Clayton & Shuttleworth' s Apprenticeship System.
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A new scheme of apprenticeship has been adopted in the engineering works of Clayton and Shuttleworth, Limited, Lincoln. It is believed that the system will not only interest many engineers, but also a large number of parents who would gladly put their sons into engineering works if they could feel assured that the boys would receive proper attention and be given the opportunity of thoroughly learning a trade. In arranging this system, the company has had in mind the virtues of the old system of apprenticeship, under which master and man lived in close contact, and youths were educated mentally as well as manually in their trade. To graft the advantages of the bygone system on the socalled factory system of modern times is not an easy task, but it is believed that, unless manufacturers make the attempt, it will become more and more difficult to secure the skilful intelligent workman now called for on every side.
With respect to the details of the new system, two chief aims have been kept in view : (I) to supplement the shop work with courses of instruction directly bearing on the work in the shops ; and (2) to give to all deserving apprentices a varied shop experience. Large engineering works have the opportunity, hardly possessed by technical or manual training schools, of giving practical class instruction on matters which, although of great importance in the daily routine of manufacturing which is carried on for profit, are t oo often neglected. By combining mental training with the shop work, it is hoped to make more intelligent workmen, willing to use the brain as well as the band.
The old term of seven years (from 14 to 21 years of age) is abandoned altogether : it is obviously too long a time to serve for any trade under modern conditions. Apprentices will be taken on at an age between 15 and 22, and it is hoped that this will induce many boys who have the opportunity of attending school or college beyond the usual period to become apprentices. Courses of instruction will be arranged to suit boys whose parents cannot afford to keep their sons at school beyond 55 years of age, but it is hoped that there will be a considerable number of apprentices entering the Works, at 16 to Tg years of age, who have received a thoroughly good school education and will be able to derive advantage from more advanced courses. In order to encourage the entry of boys of 16 to 18, the same wages will be given them at starting as if they had begun work at 15. No premium is asked, and no premium apprentices are taken.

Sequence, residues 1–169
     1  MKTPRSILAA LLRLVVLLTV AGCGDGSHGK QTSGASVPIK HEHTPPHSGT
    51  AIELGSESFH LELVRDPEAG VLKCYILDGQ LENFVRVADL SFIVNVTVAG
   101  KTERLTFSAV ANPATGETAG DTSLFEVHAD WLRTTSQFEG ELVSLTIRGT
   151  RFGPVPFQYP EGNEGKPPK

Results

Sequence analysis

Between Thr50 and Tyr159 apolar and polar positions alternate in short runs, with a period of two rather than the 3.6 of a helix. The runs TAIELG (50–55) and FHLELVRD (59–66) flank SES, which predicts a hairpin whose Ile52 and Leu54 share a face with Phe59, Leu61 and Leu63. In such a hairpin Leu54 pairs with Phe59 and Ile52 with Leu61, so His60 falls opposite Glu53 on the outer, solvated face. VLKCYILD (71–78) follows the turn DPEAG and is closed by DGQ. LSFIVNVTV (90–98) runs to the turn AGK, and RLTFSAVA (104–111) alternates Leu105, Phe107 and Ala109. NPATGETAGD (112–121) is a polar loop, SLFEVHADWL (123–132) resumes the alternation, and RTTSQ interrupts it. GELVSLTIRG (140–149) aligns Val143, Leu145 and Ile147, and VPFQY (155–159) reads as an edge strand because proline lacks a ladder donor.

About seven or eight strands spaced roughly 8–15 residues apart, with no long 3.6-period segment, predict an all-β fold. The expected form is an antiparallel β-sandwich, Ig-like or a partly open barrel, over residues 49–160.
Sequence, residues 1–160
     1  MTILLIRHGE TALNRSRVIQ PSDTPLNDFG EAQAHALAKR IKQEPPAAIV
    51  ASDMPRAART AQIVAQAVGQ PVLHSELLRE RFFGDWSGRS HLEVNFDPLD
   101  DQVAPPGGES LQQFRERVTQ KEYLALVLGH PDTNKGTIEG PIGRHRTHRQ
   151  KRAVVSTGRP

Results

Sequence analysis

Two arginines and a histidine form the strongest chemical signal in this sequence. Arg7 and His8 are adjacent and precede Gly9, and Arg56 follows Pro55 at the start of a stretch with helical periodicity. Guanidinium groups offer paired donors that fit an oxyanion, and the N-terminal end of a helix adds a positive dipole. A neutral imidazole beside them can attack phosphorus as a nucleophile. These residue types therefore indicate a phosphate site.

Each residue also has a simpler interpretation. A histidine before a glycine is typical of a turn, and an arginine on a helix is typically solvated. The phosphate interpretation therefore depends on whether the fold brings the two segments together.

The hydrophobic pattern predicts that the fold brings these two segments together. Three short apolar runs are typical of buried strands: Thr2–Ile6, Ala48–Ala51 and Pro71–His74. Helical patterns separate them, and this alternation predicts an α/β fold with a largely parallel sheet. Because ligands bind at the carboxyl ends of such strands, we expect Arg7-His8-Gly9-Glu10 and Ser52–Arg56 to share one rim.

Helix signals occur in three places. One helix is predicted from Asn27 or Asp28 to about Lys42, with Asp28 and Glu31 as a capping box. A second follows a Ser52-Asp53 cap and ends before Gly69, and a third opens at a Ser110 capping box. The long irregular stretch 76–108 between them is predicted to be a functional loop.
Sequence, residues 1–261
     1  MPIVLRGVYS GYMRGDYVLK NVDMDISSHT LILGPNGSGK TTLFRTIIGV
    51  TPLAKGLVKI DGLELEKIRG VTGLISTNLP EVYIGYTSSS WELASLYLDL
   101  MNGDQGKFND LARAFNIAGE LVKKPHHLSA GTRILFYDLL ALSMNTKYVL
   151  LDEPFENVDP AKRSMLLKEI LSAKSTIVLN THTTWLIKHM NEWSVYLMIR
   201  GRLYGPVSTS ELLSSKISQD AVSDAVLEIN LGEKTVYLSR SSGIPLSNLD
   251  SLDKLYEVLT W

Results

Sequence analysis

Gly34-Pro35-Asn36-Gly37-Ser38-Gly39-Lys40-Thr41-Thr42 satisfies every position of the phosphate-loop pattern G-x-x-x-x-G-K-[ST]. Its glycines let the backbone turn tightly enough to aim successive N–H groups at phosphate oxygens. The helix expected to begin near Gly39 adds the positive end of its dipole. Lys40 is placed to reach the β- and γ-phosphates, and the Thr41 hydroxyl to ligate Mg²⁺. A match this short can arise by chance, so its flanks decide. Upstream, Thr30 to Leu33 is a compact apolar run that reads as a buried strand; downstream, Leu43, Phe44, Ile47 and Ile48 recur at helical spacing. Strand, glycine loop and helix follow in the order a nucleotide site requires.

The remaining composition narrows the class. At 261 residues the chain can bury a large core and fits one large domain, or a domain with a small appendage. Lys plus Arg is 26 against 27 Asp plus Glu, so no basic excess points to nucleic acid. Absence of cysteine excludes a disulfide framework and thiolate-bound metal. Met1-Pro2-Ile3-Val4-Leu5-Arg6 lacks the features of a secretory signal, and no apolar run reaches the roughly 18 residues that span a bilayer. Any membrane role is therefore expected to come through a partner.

The trades taught are as follows :—(f) General machining and turning ; (2) fitting and erecting; (3) tool-making ; (4) pattern-making ; (5) joinery, wheelwrighting and woodworking ; (6) moulding ; '(7) smiths' work ; and (8) boilermaking. An apprentice is placed in one or other of these. trades when starting, and in general is not transferred to 'another trade during his apprenticeship ; but, so far as possible, he is given opportunities of spending a certain portion of his apprenticeship at various classes of work allied to the trade to which he becomes attached. Apprentices who show by their efforts and natural ability that they are likely to become fit for responsible positions will be given special opportunities in the higher branches of modern works' management and administration.
(1) The following tables afford particulars of the ages of admission, periods of service, and wages, as arranged under the new Apprentice System to come into force at Stamp End on January 1st, 1907 :—